September 3, 2007


When Bush Comes to Iran: The view of American tough talk from Tehran (Reza Aslan, Sept. 3, 2007, Slate)

All of this makes Kamran chuckle. "Regime change. Regime change," he mocks in an American accent. It's not that he doesn't want an end to the clerical regime. He'd love nothing more than to drag the mullahs out of the halls of government. But he has stopped caring. Like the rest of his friends, Kamran has grown so disenchanted with Iran's political system and so suspicious of American intentions in the wake of the Iraq war that he has simply given up. He doesn't vote in Iranian elections anymore. He barely reads the newspapers. He's stopped watching CNN International and the BBC. He has more immediate concerns, like how to pay his mortgage, how to afford skyrocketing gas prices, what to do about the impoverished Iraqis flooding into the country, and, most of all, how to use his immense computer expertise to make a decent living. The only time he pays any attention to the news is when the Iranian press announces yet another impending threat from America.

Those stories are popping up a lot lately. In the past couple of weeks, President Bush has raised the rhetorical stakes again, first by threatening to label Iran's military/intelligence branch, the Revolutionary Guard, a terrorist organization (essentially a declaration of war in the age of the "War on Terror"), then by announcing in a fiery speech before the American Legion that he is authorizing U.S. forces in Iraq "to confront Tehran's murderous activities." Both moves come after months of accusations that Iran is arming and training Shiite militias who are killing both American soldiers and Iraqi civilians.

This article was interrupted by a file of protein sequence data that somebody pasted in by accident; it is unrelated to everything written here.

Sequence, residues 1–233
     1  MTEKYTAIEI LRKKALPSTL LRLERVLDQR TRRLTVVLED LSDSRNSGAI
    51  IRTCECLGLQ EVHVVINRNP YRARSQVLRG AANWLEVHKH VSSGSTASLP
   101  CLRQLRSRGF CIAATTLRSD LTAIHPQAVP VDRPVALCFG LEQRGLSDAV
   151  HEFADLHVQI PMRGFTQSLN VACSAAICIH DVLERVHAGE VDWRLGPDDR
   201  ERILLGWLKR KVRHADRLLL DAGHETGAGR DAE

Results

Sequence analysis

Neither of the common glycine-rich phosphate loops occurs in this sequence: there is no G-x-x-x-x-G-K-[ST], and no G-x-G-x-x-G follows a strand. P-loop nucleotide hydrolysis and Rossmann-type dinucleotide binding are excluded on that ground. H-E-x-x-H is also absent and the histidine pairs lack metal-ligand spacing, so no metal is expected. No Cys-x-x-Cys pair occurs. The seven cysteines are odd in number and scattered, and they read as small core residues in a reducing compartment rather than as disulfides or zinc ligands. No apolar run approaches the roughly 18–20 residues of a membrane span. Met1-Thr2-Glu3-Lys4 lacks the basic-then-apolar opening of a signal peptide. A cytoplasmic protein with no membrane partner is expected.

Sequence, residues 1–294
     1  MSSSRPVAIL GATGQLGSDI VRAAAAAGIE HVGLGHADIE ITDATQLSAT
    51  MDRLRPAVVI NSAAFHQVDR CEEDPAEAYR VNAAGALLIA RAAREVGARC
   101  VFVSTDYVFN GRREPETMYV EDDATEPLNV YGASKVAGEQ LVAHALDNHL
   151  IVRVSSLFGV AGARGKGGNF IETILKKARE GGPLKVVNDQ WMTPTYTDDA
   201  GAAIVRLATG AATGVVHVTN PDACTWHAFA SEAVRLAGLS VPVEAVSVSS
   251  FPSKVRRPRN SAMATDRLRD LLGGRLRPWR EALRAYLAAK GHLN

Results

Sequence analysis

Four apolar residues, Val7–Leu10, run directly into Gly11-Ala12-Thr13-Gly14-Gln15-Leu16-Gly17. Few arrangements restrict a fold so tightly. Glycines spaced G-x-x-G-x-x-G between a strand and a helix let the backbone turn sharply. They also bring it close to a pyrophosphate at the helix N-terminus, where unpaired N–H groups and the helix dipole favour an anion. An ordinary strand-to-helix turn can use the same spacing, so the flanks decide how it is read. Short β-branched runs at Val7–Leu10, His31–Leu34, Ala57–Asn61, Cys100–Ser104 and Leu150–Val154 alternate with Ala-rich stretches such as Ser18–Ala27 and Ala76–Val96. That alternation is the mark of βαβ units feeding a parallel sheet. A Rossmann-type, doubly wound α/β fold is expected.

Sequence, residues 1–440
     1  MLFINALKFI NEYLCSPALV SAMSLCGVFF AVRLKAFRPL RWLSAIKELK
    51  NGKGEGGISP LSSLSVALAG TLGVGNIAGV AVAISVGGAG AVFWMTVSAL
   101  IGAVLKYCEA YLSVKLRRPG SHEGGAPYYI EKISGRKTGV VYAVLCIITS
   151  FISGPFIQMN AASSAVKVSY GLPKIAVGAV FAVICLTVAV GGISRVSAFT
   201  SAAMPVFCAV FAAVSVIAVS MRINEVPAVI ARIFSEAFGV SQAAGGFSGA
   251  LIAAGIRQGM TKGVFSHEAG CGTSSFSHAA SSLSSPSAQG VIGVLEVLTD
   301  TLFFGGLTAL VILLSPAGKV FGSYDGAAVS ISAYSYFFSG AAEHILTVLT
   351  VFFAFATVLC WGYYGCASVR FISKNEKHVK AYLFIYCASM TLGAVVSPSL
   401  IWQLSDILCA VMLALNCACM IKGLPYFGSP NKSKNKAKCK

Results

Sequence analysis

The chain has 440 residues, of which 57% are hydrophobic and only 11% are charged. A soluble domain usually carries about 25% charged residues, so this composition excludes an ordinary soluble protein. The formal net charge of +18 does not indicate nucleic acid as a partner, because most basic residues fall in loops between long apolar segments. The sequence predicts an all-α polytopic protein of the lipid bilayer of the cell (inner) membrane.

The accusations of Iran's meddling in Iraq are no doubt true. But consider this: According to a report released by the New York Times, of the 60 to 80 fighters who enter Iraq each month to join al Qaida in Mesopotamia, half are from Saudi Arabia. The majority of suicide bombers are Saudis, as are about 45 percent of all foreign militants targeting U.S. troops and Iraqi civilians. And nearly half of the foreign prisoners in U.S. custody in Iraq are from Saudi Arabia. Yet, far from threatening to confront Saudi Arabia's murderous activities, Bush has just offered to supply billions of dollars in advanced weaponry to that country.

Posted by Orrin Judd at September 3, 2007 12:09 PM

Sun Tzu would have understood.

Confusion to the enemy, and it will look as though we had not sought it.

Posted by: Lou Gots at September 3, 2007 6:30 PM

Yes, it depends heavily on the belief that the majority of Iraqis are our enemies, which makes the war infinitely stupid from jump street.

Posted by: oj at September 3, 2007 7:11 PM

The Saudis seem determined to alienate Iraq. Perhaps the royal family just wants to get rid of malcontents, but the Sunni in Iraq can't be happy to see hundreds (thousands) of Saudi whackjobs crossing the border just to stir up trouble. We already know what the Shi'a think of it.

Posted by: ratbert at September 4, 2007 1:35 AM

I'm sure the Saudis have been more than happy to export their troublemakers to Iraq for a quick and messy martyrdom. Saves so much on clean-up costs at home.

Posted by: Mikey [TypeKey Profile Page] at September 4, 2007 7:57 AM

Of course they're happy to see them. This is just Sunni vs. Shi'a, which is why the Administration is behaving foolishly.

Posted by: oj at September 4, 2007 7:58 AM